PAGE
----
APR 10, 2024 5:51 PM PDT

Why Some Rheumatoid Arthritis Patients Have Pain Without Inflammation

WRITTEN BY: Carmen Leitch

Rheumatoid arthritis (RA) affects an estimated 18 million people around the world. There are some effective treatments for the disorder that can relieve RA symptoms like stiff, painful, swollen joints, so that some mobility can be restored. But these treatments often target inflammatory cells, so they don't work for everyone. About one-fifth of RA patients who experience painful joint swelling are not relieved with very strong anti-inflammatory drugs, and now scientists know why. It seems that aberrant gene expression patterns encourage the growth of sensory neurons in joints in these RA patients. While their joints are not actually inflamed, they still become thick and swollen. The findings have been reported in Science Translational Medicine.

Image credit: Pixabay

There were 815 genes identified in this work that are associated with the abnormal growth of sensory neurons in affected joints. "These 815 genes are rewiring the sensory nerves, which explains why anti-inflammatory drugs don't work to alleviate pain for these patients," said co-senior study author Dana Orange, an associate professor of clinical investigation at Rockefeller University.

In this study, the investigators assessed tissue samples from 39 RA patients who did not have many signs of inflammation, but who experienced pain. The scientists used a machine-learning tool that analyzes combinations of genes that correlate with a symptom, such as pain; this method was termed graph-based gene expression module identification (GbGMI).

RNA sequencing, which reveals the active genes in cells, was used to reveal that the expression of about 2,200 of 15,000 genes that are active in the patient tissue samples had increased. GbGMI then found 815 genes that were linked to patient pain reports.

There are many genes but only a few patients, making this a challenging effort, noted co-senior study author Fei Wang, professor of population health sciences and founding director of the Institute of Artificial Intelligence for Digital Health at Weill Cornell Medicine. "The graph-based approach we used effectively explored the collective associations between a gene set and patient-reported pain."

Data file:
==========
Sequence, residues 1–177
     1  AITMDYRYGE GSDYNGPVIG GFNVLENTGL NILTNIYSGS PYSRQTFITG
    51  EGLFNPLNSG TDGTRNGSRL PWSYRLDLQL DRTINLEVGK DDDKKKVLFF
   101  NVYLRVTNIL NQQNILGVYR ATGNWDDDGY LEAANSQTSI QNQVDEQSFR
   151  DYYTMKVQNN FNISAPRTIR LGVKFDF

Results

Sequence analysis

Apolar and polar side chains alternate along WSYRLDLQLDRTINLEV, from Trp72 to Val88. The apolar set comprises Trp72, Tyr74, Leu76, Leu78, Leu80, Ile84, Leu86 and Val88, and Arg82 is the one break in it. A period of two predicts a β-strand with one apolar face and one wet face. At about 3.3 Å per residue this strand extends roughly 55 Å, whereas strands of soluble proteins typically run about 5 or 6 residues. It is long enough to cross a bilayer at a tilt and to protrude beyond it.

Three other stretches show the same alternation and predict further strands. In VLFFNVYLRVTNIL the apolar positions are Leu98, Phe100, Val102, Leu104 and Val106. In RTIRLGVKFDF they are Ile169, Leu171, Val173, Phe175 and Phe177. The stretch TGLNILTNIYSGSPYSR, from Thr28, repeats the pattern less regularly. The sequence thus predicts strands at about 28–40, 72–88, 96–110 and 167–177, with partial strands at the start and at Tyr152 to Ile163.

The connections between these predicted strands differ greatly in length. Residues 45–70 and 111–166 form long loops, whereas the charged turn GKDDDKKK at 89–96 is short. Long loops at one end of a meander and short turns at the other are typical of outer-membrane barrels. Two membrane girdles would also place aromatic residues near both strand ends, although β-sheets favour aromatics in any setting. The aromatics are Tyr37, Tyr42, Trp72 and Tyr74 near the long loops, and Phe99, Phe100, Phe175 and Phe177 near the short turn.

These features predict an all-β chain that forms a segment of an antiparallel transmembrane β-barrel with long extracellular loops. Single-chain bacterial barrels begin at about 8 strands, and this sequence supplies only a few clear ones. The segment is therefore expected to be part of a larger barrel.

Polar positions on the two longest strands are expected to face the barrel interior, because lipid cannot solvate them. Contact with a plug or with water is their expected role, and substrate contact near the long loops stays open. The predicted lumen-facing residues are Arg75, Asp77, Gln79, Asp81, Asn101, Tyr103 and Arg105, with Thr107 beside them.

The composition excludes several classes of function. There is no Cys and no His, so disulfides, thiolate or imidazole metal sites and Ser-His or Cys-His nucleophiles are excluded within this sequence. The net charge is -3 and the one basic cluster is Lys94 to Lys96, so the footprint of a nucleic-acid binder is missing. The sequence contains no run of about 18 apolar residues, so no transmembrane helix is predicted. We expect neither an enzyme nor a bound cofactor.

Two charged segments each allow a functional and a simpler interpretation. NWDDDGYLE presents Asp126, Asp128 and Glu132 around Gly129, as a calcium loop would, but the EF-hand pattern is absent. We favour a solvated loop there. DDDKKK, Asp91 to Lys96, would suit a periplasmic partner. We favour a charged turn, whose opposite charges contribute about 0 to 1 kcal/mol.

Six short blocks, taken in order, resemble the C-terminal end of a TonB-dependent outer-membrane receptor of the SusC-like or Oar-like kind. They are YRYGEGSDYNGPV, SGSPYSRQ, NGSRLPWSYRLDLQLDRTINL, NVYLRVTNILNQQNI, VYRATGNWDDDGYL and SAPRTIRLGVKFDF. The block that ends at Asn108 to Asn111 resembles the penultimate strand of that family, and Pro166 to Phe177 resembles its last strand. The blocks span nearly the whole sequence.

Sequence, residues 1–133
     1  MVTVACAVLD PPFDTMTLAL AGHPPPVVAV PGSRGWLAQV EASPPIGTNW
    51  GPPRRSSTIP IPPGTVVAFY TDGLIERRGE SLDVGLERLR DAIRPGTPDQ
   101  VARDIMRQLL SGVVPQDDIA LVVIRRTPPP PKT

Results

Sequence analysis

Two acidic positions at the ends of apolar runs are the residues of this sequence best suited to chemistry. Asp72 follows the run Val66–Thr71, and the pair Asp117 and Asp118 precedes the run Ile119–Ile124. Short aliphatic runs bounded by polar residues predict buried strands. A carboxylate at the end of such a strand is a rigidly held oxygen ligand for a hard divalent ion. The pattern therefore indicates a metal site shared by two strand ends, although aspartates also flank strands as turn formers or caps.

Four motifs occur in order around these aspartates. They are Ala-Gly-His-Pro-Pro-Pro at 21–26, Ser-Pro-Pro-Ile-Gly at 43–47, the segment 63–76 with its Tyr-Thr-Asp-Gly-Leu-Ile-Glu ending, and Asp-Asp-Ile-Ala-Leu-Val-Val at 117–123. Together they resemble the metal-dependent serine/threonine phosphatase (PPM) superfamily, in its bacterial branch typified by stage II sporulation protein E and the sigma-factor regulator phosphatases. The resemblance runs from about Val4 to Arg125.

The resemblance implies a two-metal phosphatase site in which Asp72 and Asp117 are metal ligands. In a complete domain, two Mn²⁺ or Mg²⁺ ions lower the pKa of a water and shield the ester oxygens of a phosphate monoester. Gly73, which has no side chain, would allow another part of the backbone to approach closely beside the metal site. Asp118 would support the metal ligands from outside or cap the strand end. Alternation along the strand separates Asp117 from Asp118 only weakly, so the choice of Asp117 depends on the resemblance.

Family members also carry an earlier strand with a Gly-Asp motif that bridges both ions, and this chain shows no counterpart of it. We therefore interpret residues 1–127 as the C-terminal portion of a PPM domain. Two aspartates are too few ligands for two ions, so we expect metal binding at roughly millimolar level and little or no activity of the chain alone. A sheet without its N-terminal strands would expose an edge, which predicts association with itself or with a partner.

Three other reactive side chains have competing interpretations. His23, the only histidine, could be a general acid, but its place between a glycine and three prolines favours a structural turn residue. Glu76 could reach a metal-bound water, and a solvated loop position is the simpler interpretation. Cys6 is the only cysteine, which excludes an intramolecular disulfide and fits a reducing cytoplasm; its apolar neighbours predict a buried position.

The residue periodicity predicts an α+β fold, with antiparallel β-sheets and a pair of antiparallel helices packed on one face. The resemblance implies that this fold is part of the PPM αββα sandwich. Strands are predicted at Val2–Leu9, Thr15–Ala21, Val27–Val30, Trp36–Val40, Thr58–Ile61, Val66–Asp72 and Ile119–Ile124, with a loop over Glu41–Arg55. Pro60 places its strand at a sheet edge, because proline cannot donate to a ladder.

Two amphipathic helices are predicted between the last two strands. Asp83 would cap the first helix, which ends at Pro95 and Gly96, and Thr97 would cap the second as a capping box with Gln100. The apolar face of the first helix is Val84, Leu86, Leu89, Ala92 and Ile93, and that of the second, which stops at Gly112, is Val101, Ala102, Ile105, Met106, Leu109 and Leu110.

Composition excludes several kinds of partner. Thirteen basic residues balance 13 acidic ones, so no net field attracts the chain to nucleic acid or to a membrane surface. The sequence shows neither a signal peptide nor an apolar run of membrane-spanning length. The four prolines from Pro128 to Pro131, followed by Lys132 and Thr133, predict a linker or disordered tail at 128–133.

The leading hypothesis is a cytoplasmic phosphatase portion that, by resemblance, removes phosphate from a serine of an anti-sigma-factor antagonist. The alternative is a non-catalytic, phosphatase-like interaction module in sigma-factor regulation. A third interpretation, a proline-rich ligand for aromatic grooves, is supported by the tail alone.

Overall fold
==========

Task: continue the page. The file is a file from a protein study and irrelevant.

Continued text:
Synovial fluid enables joints to move freely. Of the four types of fibroblast cells in synovial tissue, CD55+ fibroblasts were shown to express the most genes linked to pain. These cells also expressed a gene called NTN4, which encodes for the Netrin-4 protein. Netrin family proteins help promote vascular growth and guide the growth of axons.

"That led us to hypothesize that perhaps the fibroblasts are producing things that alter the growth of sensory nerves," said Orange.

When neurons were grown in culture and exposed to Netrin-4, the proliferation of pain receptors called CGRP+ (calcitonin gene-related peptide) was promoted.

Synovial tissue from RA patients was also shown to contain too many blood vessels, which were also surrounded by CGRP+ sensory nerve fibers that moved towards areas of excessive tissue growth. The researchers suggested that this probably appears as swelling that is often mistaken for inflammation by clinicians.

The investigators want to know more about other molecules that may be released by fibroblasts, and that may impact neurons that are sensitive to pain. Other types of sensory nerves may be affected too.

"We want to drill down on those details so that hopefully we can come up with other treatments for patients who don't have a lot of inflammation. Right now, they're taking medications that can cost $70,000 a year but have no chance of working. We must do a better job of getting the right drug to the right patient," Orange added.

Sources: Weill Cornell Medicine, Science Translational Medicine

About the Author
Bachelor's (BA/BS/Other)
Experienced research scientist and technical expert with authorships on over 30 peer-reviewed publications, traveler to over 70 countries, published photographer and internationally-exhibited painter, volunteer trained in disaster-response, CPR and DV counseling.
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